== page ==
After travelling back down the beach to Eurong Village, the group viewed some of the work that has been completed through a project that FIDO has been working on for a number of years. The aim of the project is to restore the natural integrity of Fraser Island to Eurong Village. This has included transforming the landscaping plants in the village by removing the weeds and replacing them with native species from the area. This reduces the threat of environmental weeds escaping to the surrounding World Heritage Area and helps to protect its Outstanding Universal Values.
In collaboration with the Eurong Resort there has been a significant transformation of the area at the western entrance to the village. The project continues to collaborate with the management as well as with residents and QPWS to achieve this aim. The FINIA group viewed the demonstration gardens that FIDO has built at Eurong Village. Since the FINIA trip another garden has been commenced by FIDO at the resort.
The impressive results of the work undertaken by FIDO in the area along the dingo fence at Eurong Village were also inspected. Eurong Beach Resort discharges their grey water along the dingo fence surrounding the resort. The lush conditions created have been ideal for a variety of weeds to flourish. These have included Barleria repens (coral creeper), a garden escapee, Macroptilium atropurpureum (siratro), Passiflora suberosa (corky passionfruit), Solanum seaforthianum (brazilian nightshade), Solanum americanum (glossy night shade) and Panicum maximum var. trichoglume (green panic). FIDO teams visit Eurong three times a year to undertake working bees, and John Sinclair and Su Dawson make trips in between the team working bees, to maintain the work completed by the teams. Consistent work inside the fence, including in the ‘green zone’, an area in which no chemical control has been undertaken, has seen a great result, including the natural regeneration of Geodorum densiflorum (shepherds crook orchid).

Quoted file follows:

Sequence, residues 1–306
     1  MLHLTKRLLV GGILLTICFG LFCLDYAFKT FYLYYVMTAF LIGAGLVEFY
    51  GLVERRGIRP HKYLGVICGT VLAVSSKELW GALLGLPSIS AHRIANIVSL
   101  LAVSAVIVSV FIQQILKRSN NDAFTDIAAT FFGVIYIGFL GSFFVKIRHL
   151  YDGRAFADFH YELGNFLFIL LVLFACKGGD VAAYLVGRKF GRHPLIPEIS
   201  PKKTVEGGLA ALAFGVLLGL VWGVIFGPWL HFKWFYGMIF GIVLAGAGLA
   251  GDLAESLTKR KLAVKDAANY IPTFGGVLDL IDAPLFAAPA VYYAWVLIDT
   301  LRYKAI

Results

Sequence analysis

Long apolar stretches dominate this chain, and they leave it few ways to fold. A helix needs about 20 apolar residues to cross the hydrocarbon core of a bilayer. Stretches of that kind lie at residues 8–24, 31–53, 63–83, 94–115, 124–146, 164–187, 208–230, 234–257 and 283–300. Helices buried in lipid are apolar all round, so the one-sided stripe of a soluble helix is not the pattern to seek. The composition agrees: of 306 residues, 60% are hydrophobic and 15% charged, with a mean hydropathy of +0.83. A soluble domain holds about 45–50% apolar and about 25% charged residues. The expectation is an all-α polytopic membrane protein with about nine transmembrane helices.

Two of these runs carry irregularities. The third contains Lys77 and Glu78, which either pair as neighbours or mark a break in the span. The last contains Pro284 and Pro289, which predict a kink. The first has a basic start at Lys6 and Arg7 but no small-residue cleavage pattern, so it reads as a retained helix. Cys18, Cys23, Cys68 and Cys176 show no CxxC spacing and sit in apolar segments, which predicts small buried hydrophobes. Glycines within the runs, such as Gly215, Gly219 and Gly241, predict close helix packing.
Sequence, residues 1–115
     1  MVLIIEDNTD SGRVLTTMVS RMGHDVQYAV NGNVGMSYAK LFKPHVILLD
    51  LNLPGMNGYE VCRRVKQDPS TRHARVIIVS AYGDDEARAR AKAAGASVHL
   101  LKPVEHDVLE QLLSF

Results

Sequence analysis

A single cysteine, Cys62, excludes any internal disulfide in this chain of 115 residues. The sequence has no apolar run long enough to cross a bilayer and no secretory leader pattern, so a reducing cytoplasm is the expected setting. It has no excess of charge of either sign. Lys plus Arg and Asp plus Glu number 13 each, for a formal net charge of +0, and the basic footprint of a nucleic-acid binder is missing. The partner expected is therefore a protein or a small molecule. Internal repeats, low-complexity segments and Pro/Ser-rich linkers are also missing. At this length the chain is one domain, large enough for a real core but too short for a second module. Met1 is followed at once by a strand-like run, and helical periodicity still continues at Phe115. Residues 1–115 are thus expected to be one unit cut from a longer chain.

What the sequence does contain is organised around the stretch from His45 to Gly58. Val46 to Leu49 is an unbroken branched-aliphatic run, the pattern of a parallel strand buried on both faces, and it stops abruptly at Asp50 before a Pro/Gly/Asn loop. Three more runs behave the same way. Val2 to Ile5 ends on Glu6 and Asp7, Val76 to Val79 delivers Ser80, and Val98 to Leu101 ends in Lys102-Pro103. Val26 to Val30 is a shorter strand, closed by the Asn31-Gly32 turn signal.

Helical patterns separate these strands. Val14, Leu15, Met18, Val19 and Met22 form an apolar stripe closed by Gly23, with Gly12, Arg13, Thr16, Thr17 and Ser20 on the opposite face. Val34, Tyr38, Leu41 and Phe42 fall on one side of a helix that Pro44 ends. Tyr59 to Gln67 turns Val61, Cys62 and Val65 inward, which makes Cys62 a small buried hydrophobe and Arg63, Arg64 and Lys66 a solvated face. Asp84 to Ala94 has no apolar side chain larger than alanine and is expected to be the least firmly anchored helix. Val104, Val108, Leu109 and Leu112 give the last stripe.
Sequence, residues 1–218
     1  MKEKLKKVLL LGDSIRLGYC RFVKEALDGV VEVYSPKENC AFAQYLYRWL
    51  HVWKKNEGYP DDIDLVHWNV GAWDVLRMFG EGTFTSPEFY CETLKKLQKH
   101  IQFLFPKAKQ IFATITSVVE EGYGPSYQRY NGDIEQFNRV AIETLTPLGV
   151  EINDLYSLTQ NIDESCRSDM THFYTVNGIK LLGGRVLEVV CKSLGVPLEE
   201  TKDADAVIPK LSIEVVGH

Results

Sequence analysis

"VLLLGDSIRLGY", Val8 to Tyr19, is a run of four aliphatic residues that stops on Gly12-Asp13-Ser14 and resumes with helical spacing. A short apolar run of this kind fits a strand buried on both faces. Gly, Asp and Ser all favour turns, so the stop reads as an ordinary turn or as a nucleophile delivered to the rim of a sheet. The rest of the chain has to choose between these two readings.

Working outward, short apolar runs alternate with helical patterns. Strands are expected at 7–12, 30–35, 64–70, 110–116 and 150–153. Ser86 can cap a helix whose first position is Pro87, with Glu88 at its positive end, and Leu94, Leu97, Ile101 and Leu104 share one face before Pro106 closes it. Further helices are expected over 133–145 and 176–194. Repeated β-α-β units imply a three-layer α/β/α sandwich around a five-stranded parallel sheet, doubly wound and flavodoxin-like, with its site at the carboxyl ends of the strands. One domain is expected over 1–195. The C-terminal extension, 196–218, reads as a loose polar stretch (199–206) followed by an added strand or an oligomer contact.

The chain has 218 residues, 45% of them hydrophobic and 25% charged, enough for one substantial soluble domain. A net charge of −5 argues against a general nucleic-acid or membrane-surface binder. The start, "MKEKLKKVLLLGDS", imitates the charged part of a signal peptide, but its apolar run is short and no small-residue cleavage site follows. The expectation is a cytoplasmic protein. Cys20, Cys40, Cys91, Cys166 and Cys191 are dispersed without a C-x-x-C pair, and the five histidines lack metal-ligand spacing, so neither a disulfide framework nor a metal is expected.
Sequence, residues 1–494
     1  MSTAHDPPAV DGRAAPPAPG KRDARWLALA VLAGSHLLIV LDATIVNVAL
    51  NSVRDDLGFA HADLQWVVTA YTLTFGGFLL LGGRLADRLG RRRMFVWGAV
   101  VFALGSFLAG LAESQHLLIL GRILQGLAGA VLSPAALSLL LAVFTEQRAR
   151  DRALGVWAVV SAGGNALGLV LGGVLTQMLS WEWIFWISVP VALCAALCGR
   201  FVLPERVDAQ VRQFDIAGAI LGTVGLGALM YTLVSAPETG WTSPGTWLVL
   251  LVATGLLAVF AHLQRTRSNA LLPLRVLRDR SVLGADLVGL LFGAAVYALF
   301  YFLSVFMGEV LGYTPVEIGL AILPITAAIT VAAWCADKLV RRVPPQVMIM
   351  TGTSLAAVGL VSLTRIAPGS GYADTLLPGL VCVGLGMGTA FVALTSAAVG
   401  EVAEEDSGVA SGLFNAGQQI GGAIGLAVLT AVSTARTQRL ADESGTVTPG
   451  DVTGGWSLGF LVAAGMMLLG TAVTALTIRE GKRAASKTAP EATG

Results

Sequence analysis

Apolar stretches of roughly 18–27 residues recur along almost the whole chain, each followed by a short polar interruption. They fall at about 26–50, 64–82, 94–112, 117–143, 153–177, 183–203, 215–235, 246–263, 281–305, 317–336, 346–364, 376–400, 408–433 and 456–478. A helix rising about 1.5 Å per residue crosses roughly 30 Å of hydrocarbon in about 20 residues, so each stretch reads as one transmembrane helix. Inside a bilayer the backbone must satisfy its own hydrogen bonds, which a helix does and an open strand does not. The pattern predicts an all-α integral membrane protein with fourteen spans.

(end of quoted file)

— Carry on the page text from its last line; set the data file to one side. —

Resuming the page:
After leaving the resort, the last stop before the ‘formal’ FINIA meeting (generously hosted by David and Marion Anderson of FIA) was the area in Residential Valley, or Second Valley, behind Eurong Resort, where the residents live. The group went for a walk with David Anderson, who showed us the areas where weed control of escaped garden plants had been undertaken over a number of years, and with great results. This work has been done in collaboration with FIDO, Fraser Coast Regional Council and National Parks. Here, coral creeper has been a problem, with many hours invested to control it, along with many other garden escapees. David was recently able to map the location of the infestations of weeds with GPS (loaned from BMRG), which will prove valuable for follow-up weed control work and maintaining a record of the locations of the infestations.
The large number of volunteer hours spent weeding and regenerating these areas of Fraser Island have made a significant difference, with a noticeable decrease of new weed incursions and a reduction of the density of existing infestations. Thanks, and full credit, is extended to all those who have freely given their time to this work.
Article submitted by Lynda Wills, Burnett Mary Regional Group